Possibly Ian Frazier’s Travels in Siberia is meta, as in many times I felt I was trapped within its 544 pages, or book as Siberia (a land mass that is 1/12th of the earth and 77% of Russia [though it contains only 25% of the population of that country]), a slog, лонг травел, shall we say, though—like the author to his subject—I did return again and again (Frazier labels his emotions about the region as “dread Russia-love.” The man takes 11 trips to Russia for this book!). I felt the attraction, and the dread. Let’s put it this way: I never felt exiled, per say, to the steppes of seemingly blizzardly white pages. But I was often exhausted. I shall return to this exhaustion after I crack open this bottle of beer: TSSST. My thirst and fatigue is one result of Frazier’s technique.
What beer? Great Lakes Brewing Company Dortmunder Gold. First thing, you can’t go blar with any Great Lakes beer. They make glow beer. Period. The Dortmunder Gold has a cool name (sounds sort of like a type of Salvia divinorum or maybe an office award ceremony or possibly an over/under shotgun manufactured in Belgium), a cool pedigree (multiple time world beer champion gold medalist), and a cool alcohol content, at a reasonable 5.8%. It will make your head go whoosh-whoosh, clang.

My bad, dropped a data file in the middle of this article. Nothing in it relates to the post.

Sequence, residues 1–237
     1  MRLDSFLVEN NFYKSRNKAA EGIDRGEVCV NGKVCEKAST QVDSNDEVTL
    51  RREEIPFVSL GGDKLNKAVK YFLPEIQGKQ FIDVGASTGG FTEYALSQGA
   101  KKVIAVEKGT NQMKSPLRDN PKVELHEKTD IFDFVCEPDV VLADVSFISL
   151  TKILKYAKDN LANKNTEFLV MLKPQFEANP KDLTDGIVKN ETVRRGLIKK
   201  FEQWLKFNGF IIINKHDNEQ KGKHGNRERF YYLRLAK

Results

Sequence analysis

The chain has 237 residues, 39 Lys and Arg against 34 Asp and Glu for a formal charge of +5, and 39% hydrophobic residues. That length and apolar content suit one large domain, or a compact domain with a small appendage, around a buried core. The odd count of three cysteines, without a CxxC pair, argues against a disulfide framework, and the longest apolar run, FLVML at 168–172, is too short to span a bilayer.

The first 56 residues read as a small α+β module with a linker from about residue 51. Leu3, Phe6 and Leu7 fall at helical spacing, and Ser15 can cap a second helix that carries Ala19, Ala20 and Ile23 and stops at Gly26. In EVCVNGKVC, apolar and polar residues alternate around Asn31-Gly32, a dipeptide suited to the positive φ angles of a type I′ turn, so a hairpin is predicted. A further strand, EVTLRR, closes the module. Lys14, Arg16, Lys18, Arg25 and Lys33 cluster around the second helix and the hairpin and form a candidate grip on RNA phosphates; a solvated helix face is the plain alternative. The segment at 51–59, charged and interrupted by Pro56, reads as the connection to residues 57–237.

Technique of Ian Frazier? Let me digress: I’m at this July 4 party and this older gentleman sets down his beer (Coors) and tells us a story about how one day in the 1940’s, as a small kid, he strolled about his aunt’s farm and entered a dark, dusty barn and there was a body hanging from a rope tied to the rafters. Dangling there, a dead man. And so, as a kid, with an odd kid brain, he leaped up and swung back-n-forth on the dead man’s legs, like whippeeeeee! Like it was some game.